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[vc_row][vc_column][vc_custom_heading text=”” use_theme_fonts=”yes”][vc_custom_heading text=”By Claire Evans” font_container=”tag:h6|text_align:left” use_theme_fonts=”yes” css=”.vc_custom_1543436500452{margin-bottom: 22px !important;}”][vc_single_image image=”105838″ img_size=”full” add_caption=”yes” alignment=”center”][vc_column_text]11/28/2018 Washington D.C. (International Christian Concern) – Mosul was once a beautiful city. Today, piles of rubble are everywhere. Buildings are completely demolished; cars are riddled with bullet holes. Despite all the ruin and destruction, life in Mosul continues. But Christians, as much as possible, are trying to keep their distance.

The city is the epicenter of Iraq’s Nineveh Governorate, a region where most of the country’s Christians have dwelled for centuries. Christians, however, have long regarded Mosul as dangerous. Their exodus began long before the Islamic State (ISIS) made Mosul its headquarters in Iraq. The city remained under the militant control from 2014 until its liberation in 2017. Yet today, Mosul’s Christians continue to make it clear that their exodus from Mosul is complete. For them, there is no return.

“ISIS’s capture of Mosul and the Nineveh Plains was more than just an occupation for Christians,” Father Albert, a Catholic priest in Baghdad, explained to ICC immediately after the liberation of Mosul. “It’s related to trust. ISIS broke the community and Christians will not be able to mix within the general community anymore.”

“Half of the civilians in Mosul joined ISIS,” Father Albert continued. “Christians saw many movies on social media of how civilians welcomed ISIS in June 2014. How can they trust those people anymore?”

“The mindset [about] ISIS is that it was not something born in 2014,” said Samer, a Christian from Mosul. “It was kind of like a result of a mindset that existed in Mosul.”

He added, “[Local] Christians say that their neighbors took everything from their houses. ISIS took the big things, the big establishment. But the Muslim neighbors took and stole the Christian houses. These wounds are not going to heal in the Christian community.”

Other parts of the Nineveh Plains have seen the slow, cautious return of Christians back to their homes. But Mosul tells a very different story. Before ISIS, several thousand Christians lived in the city. Today, less than a hundred have returned. A lack of community trust combined with absent security and a thoroughly ruined city is too much for many.[/vc_column_text][vc_custom_heading text=”“The mindset `{`about`}` ISIS is that it was not something born in 2014. It was kind of like a result of a mindset that existed in Mosul.”” font_container=”tag:h5|text_align:left” use_theme_fonts=”yes” css=”.vc_custom_1543436584856{margin-top: 50px !important;margin-bottom: 60px !important;padding-right: 20px !important;padding-left: 20px !important;}”][vc_column_text css=”.vc_custom_1543436618255{margin-bottom: 0px !important;}”]

Even while many Christians from Mosul will not permanently return, it is common for them to make frequent trips to the city. Though destroyed, Mosul remains the administrative capitol of the governorate. Whether Christians want to or not, the daily workings of life often require trips to the city.

Nadia is a 22-year-old Christian who was raised in Mosul. She refuses to return, but like many, regularly travels to the city. She said, “Mosul will never go back as it was; we are ready all the time to flee. The city looks pale.”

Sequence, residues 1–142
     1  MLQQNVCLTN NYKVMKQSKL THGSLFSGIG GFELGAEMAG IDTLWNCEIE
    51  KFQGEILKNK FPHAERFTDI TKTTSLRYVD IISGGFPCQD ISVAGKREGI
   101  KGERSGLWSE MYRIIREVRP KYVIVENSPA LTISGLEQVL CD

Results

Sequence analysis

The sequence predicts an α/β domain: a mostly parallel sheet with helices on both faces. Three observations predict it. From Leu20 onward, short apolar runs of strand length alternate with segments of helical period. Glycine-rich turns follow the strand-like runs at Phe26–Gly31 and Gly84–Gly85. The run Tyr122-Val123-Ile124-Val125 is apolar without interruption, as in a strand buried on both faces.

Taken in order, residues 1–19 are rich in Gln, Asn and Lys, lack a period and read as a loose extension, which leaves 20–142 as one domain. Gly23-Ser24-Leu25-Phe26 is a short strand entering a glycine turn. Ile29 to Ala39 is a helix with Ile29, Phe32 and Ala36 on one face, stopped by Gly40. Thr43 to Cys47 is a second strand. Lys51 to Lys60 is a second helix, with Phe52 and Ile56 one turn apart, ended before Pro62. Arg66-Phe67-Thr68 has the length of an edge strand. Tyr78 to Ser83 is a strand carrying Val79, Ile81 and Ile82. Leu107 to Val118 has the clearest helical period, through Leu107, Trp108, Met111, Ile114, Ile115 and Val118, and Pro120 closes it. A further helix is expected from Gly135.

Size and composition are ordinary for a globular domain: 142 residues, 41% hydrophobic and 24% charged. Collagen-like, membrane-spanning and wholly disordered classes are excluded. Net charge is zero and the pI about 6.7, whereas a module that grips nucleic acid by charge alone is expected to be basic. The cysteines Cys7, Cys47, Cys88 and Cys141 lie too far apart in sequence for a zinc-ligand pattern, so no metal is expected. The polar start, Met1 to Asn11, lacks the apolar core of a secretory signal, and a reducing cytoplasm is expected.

Although she would prefer not to travel to Mosul, she wants a university degree. “That is the sacrifice, going to Mosul. Kurdistan didn’t offer us anything, still the private college is available and need a lot of money,” she explained. For this reason, she braves not only the dangers of Mosul itself but also the possibility of harassment at rival militia checkpoints surrounding the city. “Checkpoints are good with us unless there are Arabs with us at Kurdish check points, and vice versa.”

Despite these challenges, Nadia has determined that ISIS would not take her education from her as they did her city. “The level of education is too low at Mosul university, because we attend only three days a week. At the end, everyone looks for the certificate, that’s the most important thing.”

Akram is another Christian from Mosul who refuses to live there, but travels to the city in order to maintain employment. When he looks at the city he once called home, all he sees is sadness and painful memories. “We as Christians don’t have a future in Iraq,” he said.

He is particularly concerned about West Mosul. The intense destruction that this city experienced hides the ISIS militants who remain there, threatening the security of the rest of the city and governorate.

“I think West Mosul [has] two concerning points. First is the destruction; second is security,” explained Akram. “The government doesn’t admit that ISIS is still there… Following up the victory [announcement], nothing has happened. It was supposed to have new development system after the military success. Unfortunately, none of that has happened.”

Dave Eubank, a Free Burma Ranger who participated in the liberation of Mosul, shared with ICC how security and development are intertwined in Mosul. He said, “Even as people slowly try to move back in and rebuild in some parts of the west, ISIS sleeper cells launch intermittent attacks and rival militias raise tensions.”

Without a doubt, the situation in Mosul has improved. It’s no longer run by ISIS. But the wounds that ISIS left behind run deep. Without security or reconstruction, Christians simply aren’t taking the risk to make Mosul their home again.

For interviews with Claire Evans, Regional Manager, please contact Olivia Miller, Communications Coordinator: